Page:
Marilyn Strathern
2018 Balzan Prize for Social Anthropology
For the profoundly innovative character of her contributions to social and cultural anthropology, and especially for her critique of Western understandings of gender and equality, and her associated explorations of how familiar concepts work differently in different contexts.
Marilyn Strathern’s anthropology centres on the representations typical of the societies that she studied (the Melanesian islands of Papua New Guinea), in a comprehensive perspective that aims at explication rather than explanation, leading to the radical abandonment of Western academic categories (in particular their obliteration of contextual dimensions), and to a fundamental critique of the inevitable ethnocentrism of anthropologists. By considering the way in which a researcher is implicated in his or her subject matter, she calls for reflexivity on one’s own conceptual tools.
She turns upside down classical anthropological concepts (“gift”, “agent”, “identity”), taking them as metaphors to be used as subject matter rather than as methodological tools. Instead of a Western-centric economy of goods, of objects and of classes (privileging inequality and dominance), she presents a rigorous description of an economy of the gift, of people and of clans (privileging interdependence, relationships and prestige): an economy focusing on the increase in, and the manifestation of, social relationships, in which a gift has an institutive function, in which objects are not ends but means, and in which a relationship has at the same time a joining and a separating function, which makes distancing as important an operation as exchange. She abandons, moreover, the notions of kinship as a determiner of bonds, property, work, dominance, inequality and identity, in favour of the importance accorded to relational action, to inner capacity and to self-control, to hierarchy via englobement, and to the constant activation of transactions.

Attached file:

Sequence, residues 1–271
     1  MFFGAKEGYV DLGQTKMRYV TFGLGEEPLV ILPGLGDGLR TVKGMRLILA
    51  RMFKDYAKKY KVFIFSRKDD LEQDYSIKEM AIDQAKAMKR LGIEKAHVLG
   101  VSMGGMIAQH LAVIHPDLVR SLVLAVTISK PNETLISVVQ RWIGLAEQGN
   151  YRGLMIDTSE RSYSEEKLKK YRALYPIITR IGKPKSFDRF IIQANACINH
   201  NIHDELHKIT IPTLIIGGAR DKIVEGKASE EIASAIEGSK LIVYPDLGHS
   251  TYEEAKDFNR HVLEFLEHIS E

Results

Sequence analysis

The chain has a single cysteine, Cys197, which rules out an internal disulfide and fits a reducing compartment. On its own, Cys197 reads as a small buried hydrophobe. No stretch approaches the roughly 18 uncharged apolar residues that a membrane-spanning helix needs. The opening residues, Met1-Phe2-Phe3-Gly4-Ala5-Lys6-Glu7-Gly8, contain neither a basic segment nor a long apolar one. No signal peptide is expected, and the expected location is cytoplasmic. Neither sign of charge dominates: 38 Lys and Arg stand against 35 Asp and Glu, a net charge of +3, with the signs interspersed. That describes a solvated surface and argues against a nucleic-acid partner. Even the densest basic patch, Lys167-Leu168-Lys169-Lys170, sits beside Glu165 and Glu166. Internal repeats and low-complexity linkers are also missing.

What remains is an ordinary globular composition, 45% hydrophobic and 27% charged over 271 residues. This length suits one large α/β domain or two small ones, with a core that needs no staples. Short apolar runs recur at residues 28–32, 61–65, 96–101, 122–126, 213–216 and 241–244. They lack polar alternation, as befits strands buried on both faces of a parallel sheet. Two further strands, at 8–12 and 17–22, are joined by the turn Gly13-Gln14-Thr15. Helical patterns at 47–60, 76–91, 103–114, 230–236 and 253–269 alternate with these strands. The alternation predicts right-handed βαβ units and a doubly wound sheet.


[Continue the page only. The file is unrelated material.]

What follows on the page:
From the very beginning as an ethnologist, her work has been characterised by her anthropology of Western feminism and by her use of a feminist approach in anthropology. Insofar as the relationship between the sexes is a model for many other relationships, she critiques the inadequacy of certain concepts drawn from feminism (in particular sexual antagonism) in the societies she studied, its generally naïve constructivism, as well as the contradiction between the progressivism of its aims and the conservatism of its concepts.
Finally, Marilyn Strathern deserves the Balzan Prize for what she calls, in her own words, the “methodological scandal” which constitutes the invention of an anthropology that breaks away from previous models of ethnography, social history and the sociology of marginal cultures: an intellectual undertaking that is exemplary not only for the countless specialists in her field but for anthropology as a whole and beyond, for the social sciences.

Emeritus Professor, Social Anthropology, University of Cambridge
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